As per usual I didn’t have the correct ingredients in the cupboard so I had to substitute a the vast majority of Delia’s recipe. Ending up with dried mango, dates and raisins instead of cherries, candied peel and currants. Although I did splash out on a big bottle of brandy.

As the rules of Around the World in Eighty Bakes states, I have to bake something that I haven’t baked before. I pondered over this for a while and decided to modify my Christmas Cake and put a Caribbean twist on it. Also I wanted to make mini Christmas Cakes so I can give them as presents this year too,  inspired by a wonderful little short story by Truman Capote, A Christmas Memory.

Rum Soaked Fruit

In order to put a different slant on the classic Christmas Cake I replaced the Brandy with Rum. There’s always some in my cupboard and having tried to drink the leftover Brandy following reading  Gone with The Wind (Scarlett was a Brandy advocate) I realised I’m not a huge fan, perhaps Tesco Value Brandy is not the best to start with….

After soaking all the dried fruit in rum for a day. Opting for cranberries (very Christmassy), raisins and apricots, it was time to start mixing everything together. The butter was a bit hard so I decided to soften it slightly in the microwave, after ensuring the butter packet was paper only I popped the whole block in the microwave for 30 seconds.

The microwave went up in a loud bang and a massive white flash. I created fireworks in the kitchen! A little girly squeal from me and I ripped open the microwave door, to discover actual flames coming from the cleverly disguised tin foil sandwiched inbetween the paper of the packet.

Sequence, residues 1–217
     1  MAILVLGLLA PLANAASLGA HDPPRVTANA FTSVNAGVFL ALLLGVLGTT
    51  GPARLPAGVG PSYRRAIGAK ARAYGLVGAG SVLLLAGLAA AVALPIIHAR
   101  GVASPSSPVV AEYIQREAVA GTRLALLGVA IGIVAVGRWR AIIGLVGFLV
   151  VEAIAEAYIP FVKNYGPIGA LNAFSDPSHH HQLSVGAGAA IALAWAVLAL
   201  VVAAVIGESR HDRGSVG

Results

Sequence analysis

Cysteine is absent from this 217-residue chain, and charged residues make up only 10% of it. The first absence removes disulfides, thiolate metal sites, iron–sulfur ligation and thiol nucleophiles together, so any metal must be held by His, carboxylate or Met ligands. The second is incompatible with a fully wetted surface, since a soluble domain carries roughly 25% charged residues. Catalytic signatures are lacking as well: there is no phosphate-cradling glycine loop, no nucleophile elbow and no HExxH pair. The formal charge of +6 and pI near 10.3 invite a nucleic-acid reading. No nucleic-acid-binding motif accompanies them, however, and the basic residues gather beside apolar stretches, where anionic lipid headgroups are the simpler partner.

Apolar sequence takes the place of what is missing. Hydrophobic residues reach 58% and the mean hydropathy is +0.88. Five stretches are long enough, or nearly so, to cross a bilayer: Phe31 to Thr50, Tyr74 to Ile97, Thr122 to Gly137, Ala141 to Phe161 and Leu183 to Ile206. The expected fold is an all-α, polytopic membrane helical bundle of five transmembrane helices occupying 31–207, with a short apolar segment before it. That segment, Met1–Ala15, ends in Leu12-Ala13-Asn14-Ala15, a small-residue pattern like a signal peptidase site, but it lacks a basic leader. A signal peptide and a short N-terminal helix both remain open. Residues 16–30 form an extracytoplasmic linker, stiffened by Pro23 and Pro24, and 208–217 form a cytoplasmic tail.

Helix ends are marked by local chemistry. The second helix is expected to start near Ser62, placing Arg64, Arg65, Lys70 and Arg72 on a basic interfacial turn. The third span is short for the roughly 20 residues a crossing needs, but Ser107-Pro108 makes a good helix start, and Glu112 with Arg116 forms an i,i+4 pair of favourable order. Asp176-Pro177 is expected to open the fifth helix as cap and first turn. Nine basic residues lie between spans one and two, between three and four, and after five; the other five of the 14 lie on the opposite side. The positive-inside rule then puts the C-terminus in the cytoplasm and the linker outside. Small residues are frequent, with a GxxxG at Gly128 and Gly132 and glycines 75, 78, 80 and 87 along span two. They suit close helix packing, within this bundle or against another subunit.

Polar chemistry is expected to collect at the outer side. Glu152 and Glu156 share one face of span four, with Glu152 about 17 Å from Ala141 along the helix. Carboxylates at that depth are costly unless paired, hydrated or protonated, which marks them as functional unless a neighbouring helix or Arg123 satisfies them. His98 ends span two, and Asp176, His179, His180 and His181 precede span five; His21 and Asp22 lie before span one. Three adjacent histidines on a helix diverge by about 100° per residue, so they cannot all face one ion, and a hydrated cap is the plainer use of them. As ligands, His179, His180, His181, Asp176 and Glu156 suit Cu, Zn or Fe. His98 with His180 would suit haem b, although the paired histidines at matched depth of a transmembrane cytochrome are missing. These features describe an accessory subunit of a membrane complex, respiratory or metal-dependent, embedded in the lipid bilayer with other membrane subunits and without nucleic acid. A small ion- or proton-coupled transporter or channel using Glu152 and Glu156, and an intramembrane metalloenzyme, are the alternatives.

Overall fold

I’ve never set the kitchen on fire before, so I got a bit of a shock.  But I managed to think quick and decided to blow the flames out, whilst balanced precariously on my tip toes. The microwave is on top of the fridge and I’m only 5 foot 2 (ish) so it’s a bit of a stretch at the best of times… Thankfully it worked and I rescued the butter and the kitchen.

The Offending Article

I persevered following the slight disaster and finished mixing the ingredients, with the addition of coconut too. Let’s hope this tastes nice!

Lovely Mixing. (Make a wish)

Then to grease and line 14 small tins of various sizes! This was a bit of test of my patience. I made the next mistake of popping another pack of butter directly on the oven shelf, ‘just for a minute’ to soften. I forgot about it and returned about 20 minutes later to an empty pack of butter and an oven swimming in grease. Eugh!

Oh dear

I got a bit bored of making lids for my mini cakes and decided to wrap the entire tray in baking paper to protect it from the heat. As the cakes are much smaller than the norm I reduced the cooking time slightly
too, so no 1am cake vigils for me!

Mini Cakes. Individually greased and lined.

Patience wearing thin... I'll wrap the entire tray!